In an episode of the service industry podcast FOH, cohost Kelly Sullivan, a bartender in New York, argues that servers are not going to win a $50 hourly wage, or something consummate with the higher end of tipped earnings. As she put it to me, this is an equation that no one has yet found a good way to balance. “I think on the whole, like on a basic level, I am pretty pro-tipping. Not exactly the structure of how restaurants pay now,” Sullivan says. “But it’s also undeniable in New York that you do make good money off of tips, and I’ve worked in restaurants that were gratuity-free, and you don’t make good money.”

This is the complicated reality: many tipped restaurant workers I talked to don’t believe their bosses will pay them as much as they make now. And why should they, when their coworkers in the kitchen are paid a pittance? But customers also can’t exactly be trusted to pay service workers what they deserve. Sullivan has talked about the fact that people will respond differently to her fucking up a drink than a Black woman; a customer is more likely to punish the Black bartender, she says, whereas she’d be extended sympathy. “It’s not something that I really see discussed even though, especially in New York, how segregated it is,” Sullivan says. “But that’s like the only conceivable reason to me to think about not relying on people’s discretion with tips.” She added that “no-tipping in Europe is a byproduct of so many other things”—like a substantial social safety net, and health care that isn’t tethered to employment.

Another major motivation for the no-tipping movement is the discrepancy in pay between service and kitchen staff. When chef Amanda Cohen nixed tipping at Dirt Candy in 2015, she told Eater,“We’re trying to balance it out so it becomes even more equal over time.” If fine dining servers are disproportionately white, kitchen workers are still largely people of color, and many are immigrants (though in prestigious restaurants, these class dynamics change—you may instead find the line manned by trust-fund kids from abroad, or ambitious young cooks willing to work for free). Cooks and porters have always been paid abysmally low wages. In the early 2010s, even in major metropolitan areas, many were still making $9, $10, or $11 an hour without tips. This is about what a cook could expect to make in New York City before the minimum wage began annually increasing to $15 in 2013. Some argue that ending tipping is the way to ensure all restaurant employees are being paid fairly, which in practice can mean servers making less in order for cooks and porters to make more. Telling people who are making enough money but not boatloads that they should take a hit to their income can be a tough sell, however.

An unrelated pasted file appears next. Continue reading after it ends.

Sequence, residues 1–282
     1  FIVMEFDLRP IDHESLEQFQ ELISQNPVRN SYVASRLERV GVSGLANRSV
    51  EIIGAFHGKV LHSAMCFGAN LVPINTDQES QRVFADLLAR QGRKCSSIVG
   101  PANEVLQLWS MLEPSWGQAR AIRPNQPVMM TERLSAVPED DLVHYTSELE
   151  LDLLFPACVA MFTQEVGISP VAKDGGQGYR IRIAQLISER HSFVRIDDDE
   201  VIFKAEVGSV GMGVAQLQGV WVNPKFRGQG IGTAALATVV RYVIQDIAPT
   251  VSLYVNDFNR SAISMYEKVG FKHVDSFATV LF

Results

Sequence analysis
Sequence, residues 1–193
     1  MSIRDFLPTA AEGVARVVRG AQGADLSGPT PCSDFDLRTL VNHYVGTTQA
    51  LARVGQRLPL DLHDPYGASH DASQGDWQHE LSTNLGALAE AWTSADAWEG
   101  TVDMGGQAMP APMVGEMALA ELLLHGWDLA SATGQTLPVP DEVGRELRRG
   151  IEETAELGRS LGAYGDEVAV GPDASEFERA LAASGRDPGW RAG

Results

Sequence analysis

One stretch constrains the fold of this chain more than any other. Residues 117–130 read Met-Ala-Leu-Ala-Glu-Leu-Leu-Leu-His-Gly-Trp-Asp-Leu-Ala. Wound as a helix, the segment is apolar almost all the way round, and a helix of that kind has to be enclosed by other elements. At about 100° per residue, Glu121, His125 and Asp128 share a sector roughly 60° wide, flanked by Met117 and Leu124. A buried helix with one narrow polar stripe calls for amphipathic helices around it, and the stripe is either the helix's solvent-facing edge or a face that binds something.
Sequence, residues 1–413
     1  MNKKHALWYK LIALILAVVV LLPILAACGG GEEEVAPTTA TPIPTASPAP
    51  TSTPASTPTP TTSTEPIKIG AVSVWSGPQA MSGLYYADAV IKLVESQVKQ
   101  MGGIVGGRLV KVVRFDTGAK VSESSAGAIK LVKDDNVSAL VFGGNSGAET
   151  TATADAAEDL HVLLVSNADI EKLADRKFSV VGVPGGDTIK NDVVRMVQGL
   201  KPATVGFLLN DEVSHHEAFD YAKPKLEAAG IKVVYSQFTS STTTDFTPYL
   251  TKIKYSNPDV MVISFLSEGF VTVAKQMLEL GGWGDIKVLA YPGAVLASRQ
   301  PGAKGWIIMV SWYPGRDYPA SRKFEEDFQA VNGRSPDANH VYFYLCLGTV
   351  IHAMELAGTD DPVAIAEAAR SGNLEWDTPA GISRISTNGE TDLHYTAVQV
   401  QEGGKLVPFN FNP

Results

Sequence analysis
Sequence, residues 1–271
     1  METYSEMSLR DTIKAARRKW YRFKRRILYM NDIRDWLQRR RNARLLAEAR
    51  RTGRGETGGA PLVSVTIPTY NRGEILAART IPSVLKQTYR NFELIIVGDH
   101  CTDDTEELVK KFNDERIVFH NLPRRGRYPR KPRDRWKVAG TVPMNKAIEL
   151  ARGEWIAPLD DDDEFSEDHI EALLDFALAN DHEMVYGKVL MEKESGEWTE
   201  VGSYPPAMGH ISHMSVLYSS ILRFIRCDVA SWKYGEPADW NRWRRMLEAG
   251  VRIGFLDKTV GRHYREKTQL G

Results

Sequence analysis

While some servers are unequivocally supportive of tipping, others see it as a flawed or broken system that is still, in their eyes, better than the alternative. “I’d love to see an end to tipping culture,” one former New York server told me. “But honestly tipped jobs are the only way to make a living wage if you don’t have a professional degree or job.” This is something that came up repeatedly in my conversations with servers: tipped work can suck, you can’t deny how much discrimination factors in, and yet it is also a practice that allows some people without degrees to build a life. Another server argued to me that tipping, as it exists now, is an example of blue-collar workers turning an exploitative system into one that benefits them. “I believe that, essentially, tipping does have deeply racist, deeply classist origins,” they said. “Just like pretty much every other oppressive situation in history, I find it deeply unsurprising that the oppressed group has found a way to make gold out of straw, you know.”

The restaurant industry is rife with wage theft, and moving toward a service-included model doesn’t automatically change that.

On the other hand, even some of those who’ve made good money from tips would rather see the practice die. “I’ve worked for tips for years, right, and, so, I like ’em. I love when I make $800 in a night,” Story tells me. Tipping, he says, can be thrilling, like working the slot machines. Nonetheless, “We’ve got to be giving everybody at least $22 an hour. If you give me the power to flip the switch on tipping, it goes away the next day.”